Skip to main content

Asian and Latin American shares of world GDP

Reading the April World Economic Outlook (WEO), a biannual IMF publication (more to be posted soon). You can download all the data, which is always useful. Just playing around. Note that in the last decade the share of World GDP produced by advanced economies shrunk from around 80% to approximately 60%.
On the other hand, developing countries expanded from 20% to closer to 40% of World GDP. The fact that China might be the biggest economy in the world has been in the news recently. Note that most of this increase in the periphery is in Asia, which increased from around 7% or so, essentially the same level than Latin America, to 20%, while Latin America (which did expand in the last decade; the graph doesn't show it well because of scale) remains at the same level than 1980, recovering from the lowest point in the 1990s.

Comments

  1. Hi Matias,

    did you get the time to have a look at the Bob Murphy paper I linked to?

    ReplyDelete
    Replies
    1. Murphy's trying to use the capital critique, and post-Keynesian arguments, to attack and undermine Piketty's Capital in the 21st Century. See this for example:

      http://consultingbyrpm.com/blog/2014/05/heterodox-economists-school-krugman-on-his-flim-flam-econ.html#comment-514786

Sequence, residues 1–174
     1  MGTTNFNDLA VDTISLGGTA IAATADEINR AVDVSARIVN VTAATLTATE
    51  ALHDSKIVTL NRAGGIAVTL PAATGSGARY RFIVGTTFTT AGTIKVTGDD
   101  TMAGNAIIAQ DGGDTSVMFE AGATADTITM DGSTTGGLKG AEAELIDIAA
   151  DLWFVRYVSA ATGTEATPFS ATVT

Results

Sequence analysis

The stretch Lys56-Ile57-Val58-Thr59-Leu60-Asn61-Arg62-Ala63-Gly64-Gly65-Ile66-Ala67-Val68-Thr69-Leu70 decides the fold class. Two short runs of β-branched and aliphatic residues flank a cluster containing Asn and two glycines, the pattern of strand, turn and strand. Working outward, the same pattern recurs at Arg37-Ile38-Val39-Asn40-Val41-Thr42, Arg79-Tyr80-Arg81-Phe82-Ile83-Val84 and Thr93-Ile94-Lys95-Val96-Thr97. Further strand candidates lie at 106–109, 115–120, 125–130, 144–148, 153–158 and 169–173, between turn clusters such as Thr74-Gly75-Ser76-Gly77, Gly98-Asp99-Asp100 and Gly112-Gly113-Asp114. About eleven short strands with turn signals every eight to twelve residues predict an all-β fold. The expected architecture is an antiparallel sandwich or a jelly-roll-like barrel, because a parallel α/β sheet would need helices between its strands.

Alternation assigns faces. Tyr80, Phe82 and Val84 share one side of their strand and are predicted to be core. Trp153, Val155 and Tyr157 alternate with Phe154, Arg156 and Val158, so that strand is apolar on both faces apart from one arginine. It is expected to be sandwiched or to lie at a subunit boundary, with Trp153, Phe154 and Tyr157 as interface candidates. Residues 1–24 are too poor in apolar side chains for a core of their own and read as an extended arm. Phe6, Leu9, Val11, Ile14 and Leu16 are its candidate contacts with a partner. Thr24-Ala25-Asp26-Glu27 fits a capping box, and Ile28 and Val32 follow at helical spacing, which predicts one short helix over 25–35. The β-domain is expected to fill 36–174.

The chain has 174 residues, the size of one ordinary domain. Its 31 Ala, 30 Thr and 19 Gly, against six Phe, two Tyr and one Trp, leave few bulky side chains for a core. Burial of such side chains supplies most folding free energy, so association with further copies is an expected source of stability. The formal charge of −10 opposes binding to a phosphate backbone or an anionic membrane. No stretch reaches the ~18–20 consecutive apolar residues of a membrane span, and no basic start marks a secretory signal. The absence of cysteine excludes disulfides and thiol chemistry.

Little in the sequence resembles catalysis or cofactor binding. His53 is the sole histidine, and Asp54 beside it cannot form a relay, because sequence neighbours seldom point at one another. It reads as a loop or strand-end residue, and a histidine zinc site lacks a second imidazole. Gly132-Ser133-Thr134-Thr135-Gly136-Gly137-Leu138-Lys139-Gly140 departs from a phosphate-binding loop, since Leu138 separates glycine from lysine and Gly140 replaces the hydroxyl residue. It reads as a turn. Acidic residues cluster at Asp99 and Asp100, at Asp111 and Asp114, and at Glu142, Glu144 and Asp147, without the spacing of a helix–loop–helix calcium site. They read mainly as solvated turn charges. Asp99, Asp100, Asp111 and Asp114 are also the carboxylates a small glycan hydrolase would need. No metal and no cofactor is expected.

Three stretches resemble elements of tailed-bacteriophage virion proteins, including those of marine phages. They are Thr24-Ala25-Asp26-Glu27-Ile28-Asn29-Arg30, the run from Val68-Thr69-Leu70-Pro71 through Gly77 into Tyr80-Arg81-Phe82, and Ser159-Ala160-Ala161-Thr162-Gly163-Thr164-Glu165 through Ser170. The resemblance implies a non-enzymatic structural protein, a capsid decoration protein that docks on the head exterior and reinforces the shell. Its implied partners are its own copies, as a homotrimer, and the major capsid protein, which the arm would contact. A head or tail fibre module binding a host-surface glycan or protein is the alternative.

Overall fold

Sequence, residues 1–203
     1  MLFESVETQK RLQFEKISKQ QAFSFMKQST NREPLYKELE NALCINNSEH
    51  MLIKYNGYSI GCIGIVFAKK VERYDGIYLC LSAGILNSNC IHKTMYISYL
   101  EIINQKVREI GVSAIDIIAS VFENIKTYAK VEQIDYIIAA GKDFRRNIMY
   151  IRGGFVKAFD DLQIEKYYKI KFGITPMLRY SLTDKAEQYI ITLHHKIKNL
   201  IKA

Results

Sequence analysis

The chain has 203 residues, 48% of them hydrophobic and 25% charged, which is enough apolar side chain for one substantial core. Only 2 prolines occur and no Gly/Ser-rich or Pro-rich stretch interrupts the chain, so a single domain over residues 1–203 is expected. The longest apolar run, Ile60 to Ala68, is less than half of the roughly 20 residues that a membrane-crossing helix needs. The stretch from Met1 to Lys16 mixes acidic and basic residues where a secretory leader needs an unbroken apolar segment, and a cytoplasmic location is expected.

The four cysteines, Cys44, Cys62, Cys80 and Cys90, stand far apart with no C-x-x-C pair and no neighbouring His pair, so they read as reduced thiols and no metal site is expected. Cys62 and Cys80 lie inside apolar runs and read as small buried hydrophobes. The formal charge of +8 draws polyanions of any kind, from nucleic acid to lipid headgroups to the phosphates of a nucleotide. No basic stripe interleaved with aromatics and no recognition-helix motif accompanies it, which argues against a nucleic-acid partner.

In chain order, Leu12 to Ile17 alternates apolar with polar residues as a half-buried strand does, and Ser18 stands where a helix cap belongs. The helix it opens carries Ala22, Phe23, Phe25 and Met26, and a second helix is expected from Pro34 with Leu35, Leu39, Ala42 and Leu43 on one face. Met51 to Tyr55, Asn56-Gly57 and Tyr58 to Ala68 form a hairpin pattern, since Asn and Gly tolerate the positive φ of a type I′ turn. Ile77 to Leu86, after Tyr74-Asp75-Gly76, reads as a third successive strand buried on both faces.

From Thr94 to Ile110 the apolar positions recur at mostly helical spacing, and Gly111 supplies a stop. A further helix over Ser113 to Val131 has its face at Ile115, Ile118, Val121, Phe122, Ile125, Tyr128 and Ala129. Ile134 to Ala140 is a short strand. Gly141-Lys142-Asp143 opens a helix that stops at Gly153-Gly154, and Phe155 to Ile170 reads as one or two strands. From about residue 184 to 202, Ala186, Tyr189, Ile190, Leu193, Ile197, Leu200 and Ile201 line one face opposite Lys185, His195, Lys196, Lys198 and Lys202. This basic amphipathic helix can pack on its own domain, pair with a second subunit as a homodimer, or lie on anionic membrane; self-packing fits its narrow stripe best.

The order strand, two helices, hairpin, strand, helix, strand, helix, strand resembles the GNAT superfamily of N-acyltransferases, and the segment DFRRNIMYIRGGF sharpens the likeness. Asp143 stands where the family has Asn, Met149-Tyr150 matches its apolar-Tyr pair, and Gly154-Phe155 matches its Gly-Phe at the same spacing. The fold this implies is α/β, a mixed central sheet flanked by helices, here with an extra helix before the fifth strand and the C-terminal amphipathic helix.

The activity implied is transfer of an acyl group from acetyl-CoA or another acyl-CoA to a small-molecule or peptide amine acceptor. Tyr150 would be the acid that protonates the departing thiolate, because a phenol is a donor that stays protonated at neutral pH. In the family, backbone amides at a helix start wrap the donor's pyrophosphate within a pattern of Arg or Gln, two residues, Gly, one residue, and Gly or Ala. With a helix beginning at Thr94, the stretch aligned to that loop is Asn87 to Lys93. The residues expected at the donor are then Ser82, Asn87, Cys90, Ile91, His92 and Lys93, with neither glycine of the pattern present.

Rightwingers are scrambling around looking for any argument that they can use to cause confusion and to distract attention...

      Delete

Post a Comment

Popular posts from this blog

What is the 'Classical Dichotomy'?

A few brief comments on Brexit and the postmortem of the European Union

Another end of the world is possible
There will be a lot of postmortems for the European Union (EU) after Brexit. Many will suggest that this was a victory against the neoliberal policies of the European Union. See, for example, the first three paragraphs of Paul Mason's column here. And it is true, large contingents of working class people, that have suffered with 'free-market' economics, voted for leaving the union. The union, rightly or wrongly, has been seen as undemocratic and responsible for the economics woes of Europe.

The problem is that while it is true that the EU leaders have been part of the problem and have pursued the neoliberal policies within the framework of the union, sometimes with treaties like the Fiscal Compact, it is far from clear that Brexit and the possible demise of the union, if the fever spreads to France, Germany and other countries with their populations demanding their own referenda, will lead to the abandonment of neoliberal policies. Aust…

A brief note on Venezuela and the turn to the right in Latin America

So besides the coup in Brazil (which was all but confirmed by the last revelations, if you had any doubts), and the electoral victory of Macri in Argentina, the crisis in Venezuela is reaching a critical level, and it would not be surprising if the Maduro administration is recalled, even though right now the referendum is not scheduled yet.

The economy in Venezuela has collapsed (GDP has fallen by about 14% or so in the last two years), inflation has accelerated (to three digit levels; 450% or so according to the IMF), there are shortages of essential goods, recurrent energy blackouts, and all of these aggravated by persistent violence. Contrary to what the press suggests, these events are not new or specific to left of center governments. Similar events occurred in the late 1980s, in the infamous Caracazo, when the fall in oil prices caused an external crisis, inflation, and food shortages, which eventually, after the announcement of a neoliberal economic package that included the i…